In 2015 Jaden Movold won the AIMES Junior Excellence Award for Services to the Community. As part of our feature looking at what has happened to a number of past winners, Christine Young caught up with Jaden and what he’s achieved over the past few years – as well as what his ambitions are for the future.
Christine Young: What excites you about the many activities it is you are involved in and in particular those where you contribute in some way to the community?
Jaden Movold: I love being busy and getting involved with things that are important to me and make a difference in the world around me. Aside from all my sports activities (swimming, triathlons, wheelchair basketball, wheelchair track racing) and school commitments, I hold the title of Youth Ambassador to three very important community-focused charities: The Yes Disability Resource Centre, Achilles International NZ, and The Jonesy Youth Foundation. Whether it is fundraising or raising more awareness of organisations that support people who face challenges in their lives, I love being involved.
At Rangitoto College, I am involved in a Leadership Committee which centres around the pastoral care of the student community. It is enjoyable being a part of a group that is all about student well-being and raising awareness of issues such as mental health. I am also involved with the annual Pink Shirt Day initiative, as well as other school events throughout the year.
CY: Why did you apply for an AIMES award?
JM: I was encouraged to apply for a Junior AIMES award to not just be recognised for all that I do but to also allow people to see that having a disability does not need to prevent you from making a difference in your community.
CY: Please tell us your reaction when you learned you had won the award? What opportunities did winning it offer to you?
JM: I could not believe that out of so many young talented people, I was awarded the Junior AIMES Award for Service to the Community. I was excited, surprised, happy and proud!
I believe winning the award has opened up more opportunities for me to continue to change attitudes in our society about those who live with disabilities. Being a part of the AIMES Alumni has given me access to a huge network of amazing people.
Winning the award has also provided me with more support in continuing with my passion to help others and continue to pursue my sporting goals. In 2017, I was awarded a New Zealand Youth Award for Community Contribution and at the end of 2018, I won the prestigious national Attitude Youth Spirit Award.
CY: Since winning, has your community/sports /academic focus shifted? We’ve noticed that you describe yourself as ambassador, advocate, athlete – does this mean your focus has broadened since 2015? If so, why?
JM: I have always had quite a broad focus, getting involved in community work as well as pursuing my sporting goals. While I still keep a strong ongoing involvement with my ambassador roles, I would say that on the sporting front, I have turned things up a notch. I currently train 7.5 hours a week in the pool, 5-6 hours a week on the basketball court, and 1.5 hours a week on the athletics track. I compete regularly in local and regional swim meets and wheelchair basketball competitions. I also represent my school in swimming and athletics, and this year became the very first para-triathlete to compete at the Auckland College Sports Triathlon Champs.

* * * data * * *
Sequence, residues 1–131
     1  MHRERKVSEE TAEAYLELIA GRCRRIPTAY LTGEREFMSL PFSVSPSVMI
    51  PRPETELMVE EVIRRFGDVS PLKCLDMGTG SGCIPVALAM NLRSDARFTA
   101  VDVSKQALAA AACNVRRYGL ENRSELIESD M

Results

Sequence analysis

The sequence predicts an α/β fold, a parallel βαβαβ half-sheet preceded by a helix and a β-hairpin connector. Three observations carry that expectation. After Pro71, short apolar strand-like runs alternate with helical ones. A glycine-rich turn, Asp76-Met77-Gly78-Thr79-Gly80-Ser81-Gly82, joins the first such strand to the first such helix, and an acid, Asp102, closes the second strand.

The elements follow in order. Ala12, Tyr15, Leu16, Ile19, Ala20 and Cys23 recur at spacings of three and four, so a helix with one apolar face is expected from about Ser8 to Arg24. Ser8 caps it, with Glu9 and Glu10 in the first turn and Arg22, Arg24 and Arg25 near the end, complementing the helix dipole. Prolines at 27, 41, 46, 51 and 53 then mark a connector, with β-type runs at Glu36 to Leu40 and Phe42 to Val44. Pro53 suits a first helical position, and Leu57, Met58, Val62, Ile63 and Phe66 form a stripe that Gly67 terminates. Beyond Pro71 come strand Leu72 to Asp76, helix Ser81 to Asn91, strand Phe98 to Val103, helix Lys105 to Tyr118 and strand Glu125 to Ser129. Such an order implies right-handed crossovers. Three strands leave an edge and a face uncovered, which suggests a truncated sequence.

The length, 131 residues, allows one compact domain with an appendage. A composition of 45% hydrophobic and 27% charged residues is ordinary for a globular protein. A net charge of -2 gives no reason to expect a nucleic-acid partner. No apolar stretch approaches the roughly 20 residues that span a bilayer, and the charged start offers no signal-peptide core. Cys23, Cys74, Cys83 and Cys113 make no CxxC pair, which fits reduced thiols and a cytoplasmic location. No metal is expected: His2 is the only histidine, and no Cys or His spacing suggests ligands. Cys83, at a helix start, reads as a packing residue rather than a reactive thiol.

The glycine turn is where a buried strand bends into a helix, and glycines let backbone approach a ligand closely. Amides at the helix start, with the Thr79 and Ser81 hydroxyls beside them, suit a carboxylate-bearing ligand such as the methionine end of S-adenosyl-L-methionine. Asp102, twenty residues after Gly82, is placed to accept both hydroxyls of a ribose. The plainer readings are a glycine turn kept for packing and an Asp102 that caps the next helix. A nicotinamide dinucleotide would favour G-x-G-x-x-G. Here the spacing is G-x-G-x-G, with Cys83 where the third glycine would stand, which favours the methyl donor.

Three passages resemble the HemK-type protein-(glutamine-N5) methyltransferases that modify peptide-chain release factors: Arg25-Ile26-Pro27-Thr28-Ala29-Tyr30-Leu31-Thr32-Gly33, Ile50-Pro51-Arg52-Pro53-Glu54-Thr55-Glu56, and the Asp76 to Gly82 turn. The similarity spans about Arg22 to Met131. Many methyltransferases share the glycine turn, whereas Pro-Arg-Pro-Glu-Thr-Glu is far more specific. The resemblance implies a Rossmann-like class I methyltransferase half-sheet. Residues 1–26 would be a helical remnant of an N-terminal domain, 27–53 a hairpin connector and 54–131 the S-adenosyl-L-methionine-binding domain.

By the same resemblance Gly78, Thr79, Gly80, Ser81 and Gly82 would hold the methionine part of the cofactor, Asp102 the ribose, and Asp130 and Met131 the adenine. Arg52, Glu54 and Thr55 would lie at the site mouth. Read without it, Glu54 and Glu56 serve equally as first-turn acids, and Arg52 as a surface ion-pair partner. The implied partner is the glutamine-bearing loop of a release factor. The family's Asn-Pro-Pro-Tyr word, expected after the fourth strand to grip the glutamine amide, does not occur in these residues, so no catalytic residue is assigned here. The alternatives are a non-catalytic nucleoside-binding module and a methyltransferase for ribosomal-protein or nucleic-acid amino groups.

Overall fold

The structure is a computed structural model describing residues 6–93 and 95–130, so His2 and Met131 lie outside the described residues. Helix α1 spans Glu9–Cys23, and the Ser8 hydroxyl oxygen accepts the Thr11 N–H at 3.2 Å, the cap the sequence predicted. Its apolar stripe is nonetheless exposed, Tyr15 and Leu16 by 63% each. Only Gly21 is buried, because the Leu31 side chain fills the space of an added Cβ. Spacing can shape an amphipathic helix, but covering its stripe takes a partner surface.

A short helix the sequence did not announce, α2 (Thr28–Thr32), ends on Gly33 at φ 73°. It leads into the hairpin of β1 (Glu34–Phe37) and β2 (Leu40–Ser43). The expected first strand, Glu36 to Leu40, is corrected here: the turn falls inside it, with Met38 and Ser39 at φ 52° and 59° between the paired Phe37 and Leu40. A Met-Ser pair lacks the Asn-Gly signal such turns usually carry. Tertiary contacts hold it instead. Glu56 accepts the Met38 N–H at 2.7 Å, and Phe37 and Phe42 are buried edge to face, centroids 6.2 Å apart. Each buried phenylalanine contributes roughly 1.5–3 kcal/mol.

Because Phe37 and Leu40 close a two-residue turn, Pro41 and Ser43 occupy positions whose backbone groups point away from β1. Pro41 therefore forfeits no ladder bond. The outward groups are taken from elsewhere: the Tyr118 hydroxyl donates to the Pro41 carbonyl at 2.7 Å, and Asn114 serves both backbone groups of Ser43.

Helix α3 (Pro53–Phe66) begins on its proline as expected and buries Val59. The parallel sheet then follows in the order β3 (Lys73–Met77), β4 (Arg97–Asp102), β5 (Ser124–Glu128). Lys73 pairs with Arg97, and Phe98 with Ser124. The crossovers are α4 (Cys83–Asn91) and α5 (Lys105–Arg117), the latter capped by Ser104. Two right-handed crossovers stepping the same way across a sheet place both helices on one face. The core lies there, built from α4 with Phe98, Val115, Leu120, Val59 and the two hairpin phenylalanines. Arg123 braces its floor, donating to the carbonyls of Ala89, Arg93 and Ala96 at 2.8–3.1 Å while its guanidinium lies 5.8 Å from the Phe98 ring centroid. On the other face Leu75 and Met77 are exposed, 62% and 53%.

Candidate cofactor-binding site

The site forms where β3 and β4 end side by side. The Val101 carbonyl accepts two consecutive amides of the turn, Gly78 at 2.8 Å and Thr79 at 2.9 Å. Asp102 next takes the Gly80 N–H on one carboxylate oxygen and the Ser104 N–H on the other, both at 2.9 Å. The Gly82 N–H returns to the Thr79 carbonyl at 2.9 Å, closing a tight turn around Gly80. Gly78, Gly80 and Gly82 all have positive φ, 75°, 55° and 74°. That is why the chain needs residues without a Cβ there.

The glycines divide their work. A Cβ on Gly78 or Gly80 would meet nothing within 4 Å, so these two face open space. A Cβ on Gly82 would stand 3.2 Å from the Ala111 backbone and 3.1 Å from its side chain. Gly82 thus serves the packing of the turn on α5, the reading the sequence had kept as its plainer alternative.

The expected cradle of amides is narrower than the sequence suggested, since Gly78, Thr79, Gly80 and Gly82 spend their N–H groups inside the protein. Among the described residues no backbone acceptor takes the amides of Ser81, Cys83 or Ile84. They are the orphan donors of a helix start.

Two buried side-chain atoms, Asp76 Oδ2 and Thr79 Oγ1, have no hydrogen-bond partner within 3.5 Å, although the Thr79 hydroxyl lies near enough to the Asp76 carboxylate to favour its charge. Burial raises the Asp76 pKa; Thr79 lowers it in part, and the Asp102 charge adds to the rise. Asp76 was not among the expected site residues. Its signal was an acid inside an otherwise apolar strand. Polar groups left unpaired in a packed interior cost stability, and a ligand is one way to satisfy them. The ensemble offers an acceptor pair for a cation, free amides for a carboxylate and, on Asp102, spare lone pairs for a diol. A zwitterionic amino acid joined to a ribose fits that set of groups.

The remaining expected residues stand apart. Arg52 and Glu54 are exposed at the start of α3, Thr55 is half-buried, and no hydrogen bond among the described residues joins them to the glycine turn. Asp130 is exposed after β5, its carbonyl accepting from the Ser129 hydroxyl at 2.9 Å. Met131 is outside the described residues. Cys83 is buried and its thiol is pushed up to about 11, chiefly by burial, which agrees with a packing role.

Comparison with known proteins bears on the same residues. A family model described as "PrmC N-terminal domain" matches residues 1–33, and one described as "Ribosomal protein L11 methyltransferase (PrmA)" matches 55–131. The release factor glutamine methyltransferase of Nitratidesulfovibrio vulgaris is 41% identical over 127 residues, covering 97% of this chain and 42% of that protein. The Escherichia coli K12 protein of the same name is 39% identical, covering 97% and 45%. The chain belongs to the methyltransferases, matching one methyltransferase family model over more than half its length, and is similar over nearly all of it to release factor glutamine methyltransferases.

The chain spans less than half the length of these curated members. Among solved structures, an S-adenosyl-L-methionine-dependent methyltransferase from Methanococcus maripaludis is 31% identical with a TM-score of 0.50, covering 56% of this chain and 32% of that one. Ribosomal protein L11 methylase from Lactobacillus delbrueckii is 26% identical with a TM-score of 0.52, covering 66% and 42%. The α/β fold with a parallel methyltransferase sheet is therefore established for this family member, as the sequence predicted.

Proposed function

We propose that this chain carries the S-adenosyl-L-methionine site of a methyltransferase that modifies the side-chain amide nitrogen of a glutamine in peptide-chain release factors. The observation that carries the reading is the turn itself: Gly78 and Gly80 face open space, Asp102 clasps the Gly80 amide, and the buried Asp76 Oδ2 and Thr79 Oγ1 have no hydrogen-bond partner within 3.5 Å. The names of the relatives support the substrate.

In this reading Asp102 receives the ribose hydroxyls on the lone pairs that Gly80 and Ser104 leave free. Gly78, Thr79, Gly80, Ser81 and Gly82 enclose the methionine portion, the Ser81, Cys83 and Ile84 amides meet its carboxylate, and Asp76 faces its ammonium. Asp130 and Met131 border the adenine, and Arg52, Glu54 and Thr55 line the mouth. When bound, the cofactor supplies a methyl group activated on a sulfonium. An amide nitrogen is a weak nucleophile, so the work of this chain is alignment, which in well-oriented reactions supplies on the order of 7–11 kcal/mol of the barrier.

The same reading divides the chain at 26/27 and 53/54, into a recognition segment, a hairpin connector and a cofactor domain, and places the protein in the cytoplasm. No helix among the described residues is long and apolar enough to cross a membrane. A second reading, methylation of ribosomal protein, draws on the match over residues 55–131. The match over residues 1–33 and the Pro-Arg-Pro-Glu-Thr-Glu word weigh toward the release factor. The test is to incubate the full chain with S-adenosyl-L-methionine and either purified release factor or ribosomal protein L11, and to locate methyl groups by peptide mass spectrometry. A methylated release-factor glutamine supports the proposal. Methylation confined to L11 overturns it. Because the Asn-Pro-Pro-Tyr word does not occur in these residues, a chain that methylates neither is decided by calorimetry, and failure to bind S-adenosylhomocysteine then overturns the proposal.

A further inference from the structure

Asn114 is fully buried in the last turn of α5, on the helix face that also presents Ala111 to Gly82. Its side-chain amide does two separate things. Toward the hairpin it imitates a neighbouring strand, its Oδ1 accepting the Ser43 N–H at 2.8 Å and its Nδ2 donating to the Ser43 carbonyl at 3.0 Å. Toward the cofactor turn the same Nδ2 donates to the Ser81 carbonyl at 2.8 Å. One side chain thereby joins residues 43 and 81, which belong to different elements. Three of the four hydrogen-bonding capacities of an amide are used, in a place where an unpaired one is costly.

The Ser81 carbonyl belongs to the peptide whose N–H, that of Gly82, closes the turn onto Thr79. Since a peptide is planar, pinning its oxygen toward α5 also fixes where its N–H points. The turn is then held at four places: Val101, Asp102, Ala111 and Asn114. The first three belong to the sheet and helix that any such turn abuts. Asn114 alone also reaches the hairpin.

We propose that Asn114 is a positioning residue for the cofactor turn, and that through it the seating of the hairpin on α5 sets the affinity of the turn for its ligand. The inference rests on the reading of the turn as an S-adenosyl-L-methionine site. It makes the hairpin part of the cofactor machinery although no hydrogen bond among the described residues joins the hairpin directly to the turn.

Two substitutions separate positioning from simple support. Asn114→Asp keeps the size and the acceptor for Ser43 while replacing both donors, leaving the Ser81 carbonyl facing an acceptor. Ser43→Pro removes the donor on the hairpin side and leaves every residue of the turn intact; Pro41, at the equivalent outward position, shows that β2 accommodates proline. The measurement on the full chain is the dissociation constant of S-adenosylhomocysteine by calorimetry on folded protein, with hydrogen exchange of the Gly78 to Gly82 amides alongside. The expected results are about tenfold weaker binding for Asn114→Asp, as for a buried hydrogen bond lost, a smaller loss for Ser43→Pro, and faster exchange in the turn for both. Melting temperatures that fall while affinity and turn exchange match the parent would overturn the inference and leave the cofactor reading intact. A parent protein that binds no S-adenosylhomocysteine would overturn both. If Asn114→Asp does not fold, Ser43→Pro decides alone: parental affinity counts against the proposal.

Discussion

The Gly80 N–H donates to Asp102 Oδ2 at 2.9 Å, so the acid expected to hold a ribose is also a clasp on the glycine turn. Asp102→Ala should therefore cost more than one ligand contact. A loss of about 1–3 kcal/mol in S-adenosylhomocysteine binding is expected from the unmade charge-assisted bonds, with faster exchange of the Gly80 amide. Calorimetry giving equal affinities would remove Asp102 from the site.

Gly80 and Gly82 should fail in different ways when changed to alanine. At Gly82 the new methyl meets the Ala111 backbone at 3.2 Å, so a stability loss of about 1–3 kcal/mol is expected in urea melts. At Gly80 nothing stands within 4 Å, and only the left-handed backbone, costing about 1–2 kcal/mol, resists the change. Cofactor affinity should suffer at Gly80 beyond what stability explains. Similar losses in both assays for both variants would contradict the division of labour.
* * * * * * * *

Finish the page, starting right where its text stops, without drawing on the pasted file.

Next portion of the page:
Also, last year I joined Auckland’s only inclusive hip-hop dance crew. We practice weekly and have performed at dance festivals, inclusive shows, Christmas parties and later this year will compete at a hip-hop dance competition
CY: How have you continued to work to develop your skills?
JM: I work hard towards achieving the goals I set out to achieve. I am constantly looking for ways to improve my abilities and develop new skills. On the community front, I get involved with new initiatives at school which helps me meet new people and relate more to those in my community. On the sporting front, I have been steadily moving past recreational involvement to the more focused and involved competitive training programs which have long term goals.
CY: What are your long-term ambitions?
JM: Over the long-term, I hope to qualify for the Paralympics and represent New Zealand in either swimming or wheelchair track racing. I continue to train hard in all my sports, knowing that a full-on commitment and dedication is the key to reaching the top. Career-wise, I am really interested in pursuing social work as I love helping others.
In the near future, I have the ambition to become Head Boy of Rangitoto College, to successfully complete 30 Weet-Bix Tryathlons before I turn 16 and in a few weeks I will be competing at the New Zealand Swimming Open Championships. I also look forward to continuing my various ambassador roles and being a role model for all young people, such as public speaking when I have time in my busy schedule!
Overall, it is my passion and ambition to strive to continue to change people’s perceptions of disability, so society focuses on what we can do and how we can contribute, and not on what we can’t do.